If he could just get home without thinking about it, any of it, it would all be fine. Everything would be fine.

He expected to hear a knock on his door at any moment, a knock, a pert entrance, another attempted seduction. He cringed at every sound. But Eroica was tactful for once. The Major didn’t see him again until the Hofbrug ball.

The Major was making hypocritical small talk with some enemy spies, finding the task not so difficult as it usually was. He was, in fact, perfectly at ease until a woman cut across the room towards him, every line of her body telegraphing outrage.

Yes, for a few seconds Klaus believed that it really was a woman. But of course it wasn’t. Eroica, his golden curls swept up, wearing an elegant long black dress.

Dorian in a dress. Exactly what he didn’t need.

Klaus tried to get rid of him, but of course it was impossible. They argued — later Klaus was never able to remember about what. It didn’t matter. There was always something to bicker about, always would be. What he did remember was how unsuitably pretty Dorian had looked, his robin’s-egg eyes flashing with anger, his features taut, the delicate planes of his face displayed more clearly than usual by the elegant coiffure. Even the black eye didn’t ruin it, somehow. A man in a lady’s dress and hairdo — he should have looked ridiculous. He didn’t.

Dorian’s features were really too fine and pretty for a man’s, his body was too slender, and his hair was flat-out unacceptable. The few times Klaus had seen him in properly masculine garb, he had looked even more frivolous and delicate by contrast. Now, in an evening dress, he looked more… masculine than Klaus had ever seen him appear. His delicate features were still too broad for a woman’s, his lips a bit too thin, his shoulders too wide, his form too muscular and big-boned, willowy as he was.

Klaus tried not to look at him as they squabbled. He was glad of the distraction of Metternich’s envelope — until he saw what was in it. A snapshot of him looking utterly ridiculous, doing that stupid folk dance — the things he did in the line of duty….

Dorian, of course, thought the photo was cute. He snatched it away from Klaus and, playing his role of the moment to the hilt as always, took the traditional feminine strategy of shoving it down the front of his dress, taunting Klaus. Did he know that Klaus didn’t dare to take it from him by force? Not then. On other occasions, it might have been possible, but after that day, on the border….

The idiotic photo securely concealed, Dorian regarded him with eyes sparkling with mischief. "Dance with me, Major," he invited.

Klaus felt sweat beginning to form on his brow. He fell back on old tactics. Insults, for instance. "I thought I should have a higher opinion of you, but I was wrong! You are an outrageous balloon filled with foul, poisonous gas!"

Dorian’s pretty face was triumphant. "Just once, Major. If you dance this waltz with me, I'll give it back to you."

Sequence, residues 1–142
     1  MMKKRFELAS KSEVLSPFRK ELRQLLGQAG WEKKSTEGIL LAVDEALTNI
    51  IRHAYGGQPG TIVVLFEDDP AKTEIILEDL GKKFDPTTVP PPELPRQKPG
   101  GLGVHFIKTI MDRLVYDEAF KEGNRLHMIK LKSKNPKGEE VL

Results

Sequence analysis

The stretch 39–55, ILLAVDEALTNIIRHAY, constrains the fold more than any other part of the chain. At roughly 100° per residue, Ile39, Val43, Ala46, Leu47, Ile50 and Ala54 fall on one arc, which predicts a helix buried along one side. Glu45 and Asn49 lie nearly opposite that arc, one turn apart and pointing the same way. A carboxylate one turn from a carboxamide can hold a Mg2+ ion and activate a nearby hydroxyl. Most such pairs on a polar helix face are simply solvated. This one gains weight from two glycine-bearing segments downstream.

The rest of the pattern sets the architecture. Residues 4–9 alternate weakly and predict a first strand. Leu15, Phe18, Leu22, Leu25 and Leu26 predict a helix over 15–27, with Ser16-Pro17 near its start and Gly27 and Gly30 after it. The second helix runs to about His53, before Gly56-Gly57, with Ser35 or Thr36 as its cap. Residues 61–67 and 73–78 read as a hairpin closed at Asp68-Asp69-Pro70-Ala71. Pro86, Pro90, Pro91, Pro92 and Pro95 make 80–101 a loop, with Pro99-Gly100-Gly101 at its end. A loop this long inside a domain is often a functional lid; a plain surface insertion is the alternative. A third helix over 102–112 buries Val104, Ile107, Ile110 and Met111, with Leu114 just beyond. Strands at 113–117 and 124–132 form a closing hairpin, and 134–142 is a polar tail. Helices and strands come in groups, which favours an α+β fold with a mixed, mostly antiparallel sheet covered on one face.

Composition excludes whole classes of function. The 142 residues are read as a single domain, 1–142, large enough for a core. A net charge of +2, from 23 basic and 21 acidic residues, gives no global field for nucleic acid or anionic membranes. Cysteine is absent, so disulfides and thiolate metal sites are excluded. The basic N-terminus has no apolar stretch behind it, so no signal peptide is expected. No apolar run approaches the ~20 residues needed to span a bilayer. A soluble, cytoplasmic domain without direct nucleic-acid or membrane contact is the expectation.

But after that waltz, it would be too late. Did Dorian realize that? Was that why he looked so exultant? Or was he simply getting a bit of his own back, after all Klaus had done to him during the past week?

"Nein! I'd rather die than dance with you!" Klaus managed through numb lips. He was beginning to suspect that there was no way out of this trap. Except perhaps to ask for quarter, and he had done that once today already; he wouldn’t give that curly-haired bugger the satisfaction twice….

"Don't worry, we won't look like a male couple." Dorian’s voice was flirtatious.

"That's not the issue!" Klaus snapped, and then mentally kicked himself. If the damned thief asked what was the issue, what the hell was he going to say?

Dimpling, Eroica let his slender hands flutter gracefully over his bosom. "Then I'll make copies of this picture and distribute them to your alphabets," he teased.

"You bastard!" That was what he was so afraid of, naturally. Klaus seized onto that humiliating prospect with relief, not asking himself at what point he had admitted that he was afraid at all.

Dorian extended a hand to him gracefully. He had even gone to the length of having his nails painted, Klaus noticed irrelevantly. "You shouldn't humiliate a lady, Major." And then a hint of true wistfulness emerged through the teasing. "Please," Dorian said, his tone suddenly softer.

Dammit, they were supposed to be fighting! "Nein!" Klaus had shouted, trying to recapture the sense of battle. "Nein!"

But Dorian wouldn’t play. His hand still outstretched, waiting with dignity to be rejected, Dorian said quietly, "Dance with me, Major. Just once. Please."

Just once. Did Dorian honestly believe that was possible?

He did. Klaus looked into those sky-colored eyes and saw only hopelessness and devotion. Dorian wanted only to pretend for a few minutes. He didn’t know.

Klaus had no idea how long they stood like that, gazes locked, Dorian’s hand still patiently outstretched, Klaus’s hands bunched into fists. An eternity, perhaps.

Klaus looked at the other man’s face, far too lovely for a man’s. Eroica would never give up. That much was beyond doubt. No, resistance would no longer give Klaus any control.